Post Covid-19 Life

5 Signs Quality of Life Has Improved in Saudi Arabia
Health workers perform a nose swab test during a drive through coronavirus test campaign held in Diriyah hospital in the Saudi capital Riyadh on May 7, 2020 amid the COVID-19 pandemic. (Getty)

Life stopped at 3:00 pm. People were not allowed to go out unless it was an emergency. Companies could reduce salaries up to 40%. Business got a hard blow as shoppers were forced to stay home to avoid any type of direct human contact. Hundreds, if not thousands, of cases were recorded daily. That is how daily life used to be a year ago, marking now the 1st anniversary of the outbreak of the Covid-19 pandemic.

Now, all business activities are open. People can travel domestically whenever they want. With tens of thousands of new cases being recorded daily in neighboring countries, the Kingdom has managed for a long period of time to keep new cases under 700 as well as to maintain a high recovery rate. The post-Covid-19 Saudi Arabia has new foundations for a better quality of life.

What has changed? How did the quality of life get a boost?

Below are five signs that are tangible:


The dining experience has reached a new level of quality. Everyone involved in the process of cooking food, preparing beverages, and serving food wears masks and gloves that are replaced regularly.

Every restaurant or café customer gets their body temperature measured before entering and must show their health status on Tawaklna App, a smart phone application made to track Covid-19 infections, vaccinations and recoveries. This makes people who love to eat out feel safer. It functions as a “local passport” to enter hotels, shopping malls, business offices, etc.

The government has made it obligatory for people working in F&B sector to get vaccinated. Otherwise, they must test for Covid-19 every 7 days on their own expense.

The quality has improved for delivery orders. Drivers, who pick up orders from restaurants and deliver to homes, apply higher standards of hygiene from pickup to delivery.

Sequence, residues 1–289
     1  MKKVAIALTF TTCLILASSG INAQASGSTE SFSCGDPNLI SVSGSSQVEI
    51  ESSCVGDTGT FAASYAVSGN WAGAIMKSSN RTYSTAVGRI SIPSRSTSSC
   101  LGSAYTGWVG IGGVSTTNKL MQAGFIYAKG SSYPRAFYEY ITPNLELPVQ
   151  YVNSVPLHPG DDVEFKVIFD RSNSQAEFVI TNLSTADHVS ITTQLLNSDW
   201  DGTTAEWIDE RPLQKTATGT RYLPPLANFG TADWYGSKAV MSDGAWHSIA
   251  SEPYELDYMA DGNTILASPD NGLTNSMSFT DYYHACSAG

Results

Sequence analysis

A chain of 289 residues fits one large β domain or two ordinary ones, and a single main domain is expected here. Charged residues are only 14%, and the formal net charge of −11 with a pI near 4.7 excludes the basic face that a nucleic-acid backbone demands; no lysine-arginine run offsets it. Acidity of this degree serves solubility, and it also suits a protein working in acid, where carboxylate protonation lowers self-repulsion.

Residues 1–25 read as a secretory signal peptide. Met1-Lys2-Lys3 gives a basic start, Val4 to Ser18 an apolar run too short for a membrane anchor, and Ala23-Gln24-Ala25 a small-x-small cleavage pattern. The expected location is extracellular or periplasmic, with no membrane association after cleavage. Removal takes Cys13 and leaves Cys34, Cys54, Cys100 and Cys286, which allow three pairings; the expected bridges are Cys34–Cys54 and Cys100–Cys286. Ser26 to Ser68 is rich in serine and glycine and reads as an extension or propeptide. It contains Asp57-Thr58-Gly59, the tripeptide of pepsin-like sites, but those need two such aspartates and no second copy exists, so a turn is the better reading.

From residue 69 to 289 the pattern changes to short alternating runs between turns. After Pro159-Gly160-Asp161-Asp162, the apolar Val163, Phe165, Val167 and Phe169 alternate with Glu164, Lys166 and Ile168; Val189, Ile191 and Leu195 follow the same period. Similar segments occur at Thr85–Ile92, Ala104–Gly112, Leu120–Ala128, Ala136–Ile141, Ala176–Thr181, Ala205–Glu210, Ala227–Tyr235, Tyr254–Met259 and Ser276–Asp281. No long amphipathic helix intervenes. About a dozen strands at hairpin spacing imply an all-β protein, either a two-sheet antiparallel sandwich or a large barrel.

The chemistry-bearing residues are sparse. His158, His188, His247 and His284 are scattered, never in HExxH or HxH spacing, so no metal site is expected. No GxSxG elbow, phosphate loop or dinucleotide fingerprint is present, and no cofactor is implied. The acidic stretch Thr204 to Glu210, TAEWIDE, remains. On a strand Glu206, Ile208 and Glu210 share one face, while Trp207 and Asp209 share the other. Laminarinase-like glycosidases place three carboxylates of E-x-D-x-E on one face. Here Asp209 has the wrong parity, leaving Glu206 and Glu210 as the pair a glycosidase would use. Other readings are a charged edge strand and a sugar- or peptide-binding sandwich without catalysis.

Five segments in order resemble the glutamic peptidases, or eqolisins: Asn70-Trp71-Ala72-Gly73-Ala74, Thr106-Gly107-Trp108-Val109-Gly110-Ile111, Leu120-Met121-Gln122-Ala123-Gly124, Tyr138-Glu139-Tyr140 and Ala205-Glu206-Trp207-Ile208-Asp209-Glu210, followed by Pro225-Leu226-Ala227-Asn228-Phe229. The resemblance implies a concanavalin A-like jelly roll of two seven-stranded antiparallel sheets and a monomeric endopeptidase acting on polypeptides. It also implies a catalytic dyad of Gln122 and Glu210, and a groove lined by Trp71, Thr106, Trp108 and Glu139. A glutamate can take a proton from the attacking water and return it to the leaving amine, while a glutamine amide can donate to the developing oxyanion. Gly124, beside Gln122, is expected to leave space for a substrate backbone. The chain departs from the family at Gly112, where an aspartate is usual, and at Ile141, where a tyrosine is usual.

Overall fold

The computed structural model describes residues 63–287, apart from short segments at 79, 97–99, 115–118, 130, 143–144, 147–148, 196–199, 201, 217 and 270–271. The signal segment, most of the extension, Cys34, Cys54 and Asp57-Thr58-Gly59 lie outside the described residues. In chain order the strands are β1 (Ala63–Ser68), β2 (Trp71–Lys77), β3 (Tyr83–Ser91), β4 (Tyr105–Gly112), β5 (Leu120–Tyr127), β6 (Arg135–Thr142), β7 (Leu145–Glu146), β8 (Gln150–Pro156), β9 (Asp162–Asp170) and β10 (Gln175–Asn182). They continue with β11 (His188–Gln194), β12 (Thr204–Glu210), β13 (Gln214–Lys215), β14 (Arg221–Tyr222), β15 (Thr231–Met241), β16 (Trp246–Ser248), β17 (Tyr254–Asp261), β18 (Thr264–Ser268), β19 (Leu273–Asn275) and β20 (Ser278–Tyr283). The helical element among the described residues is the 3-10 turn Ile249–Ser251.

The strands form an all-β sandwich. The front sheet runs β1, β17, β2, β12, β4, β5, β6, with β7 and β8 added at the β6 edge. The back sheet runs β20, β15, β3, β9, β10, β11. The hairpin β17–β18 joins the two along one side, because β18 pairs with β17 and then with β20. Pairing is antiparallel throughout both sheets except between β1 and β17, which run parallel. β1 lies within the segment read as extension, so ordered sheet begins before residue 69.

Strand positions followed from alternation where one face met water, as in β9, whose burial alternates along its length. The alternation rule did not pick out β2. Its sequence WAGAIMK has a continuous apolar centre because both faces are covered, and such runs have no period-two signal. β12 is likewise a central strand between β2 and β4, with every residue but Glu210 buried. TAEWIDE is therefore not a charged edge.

People walk past a closed restaurant in the Saudi capital Riyadh, on February 5, 2021, after new rules laid out by the Ministry of Interior to curb a recent spike in COVID-19 cases. (Getty)



Visiting government agencies or banks are not as necessary as before. Most of the transactions no longer require a physical presence.

Cash transactions are decreasing dramatically. In 2020, digital payments surged 75% in the Kingdom. All business activities are required to provide Points of Sale through which customers can pay through smart phones or contactless cards.

People do not have to line up at ATMs or bank tellers to withdraw cash and touch the banknotes when shopping. Saudi Arabia is speeding up its steps toward a cashless society. The pandemic is an excellent opportunity to give up old habits and get more involved in the digital life for greater convenience.

One of the catalysts of the digitalization is Covid-19. Crowds are not tolerated no matter what. Digitalization is the best way to get things done without direct physical contact.


For Saudis, Covid-19 is a national security issue, not a health one only. Everyone is involved in keeping the country safer and more immune.

Government agencies have dedicated special numbers, websites, and accounts on social media channels to report cases of health measure violations. Once a violation is reported, the reporter gets updated on the investigation and disciplinary procedures taken. The response is subject to evaluation by the reporter.

This gives citizens and expats more assurance and confidence in the way government agencies are handling the pandemic challenge.

Public awareness regarding health issues has improved. It is either self-commitment or hefty fines for violators.


The Oversight and Anti-Corruption Authority (NAZAHA) is sending regular updates to mobile phones on the number of investigations and individuals accused with more details on their nationality and where they work.

High ranking employees, officers, and businesspeople have faced corruption charges. Citizens and expats are encouraged to report cases of corruption.

More transparency means the country is paving the way to a higher rank of the quality of life. Corrupt countries do not prosper and thrive. NAZAHA’s updates give a clear sign to the public that violators are held accountable for their actions, meaning more equality and justice.


During the pandemic, the Saudi government dedicated more investment into the local market. The Public Investment Fund, the government’s sovereign investment arm, bought more shares in local companies.

The government announced that Mega projects like “The Line,” a 170 km. long mega smart city consisting of connected communities launched early 2021.  New PIF-owned companies have started work on the ground. ROHSHN, a community developer, is advancing its work to build modern communities while keeping a traditional spirit.

More investments mean more hiring. The latest unemployment reports show better figures and recovery. Unemployment among Saudis decreased to 14.9% in Q3 2020 from 15.4 percent in Q2 2020. More job recovery is expected with pumping more investments in the different sectors.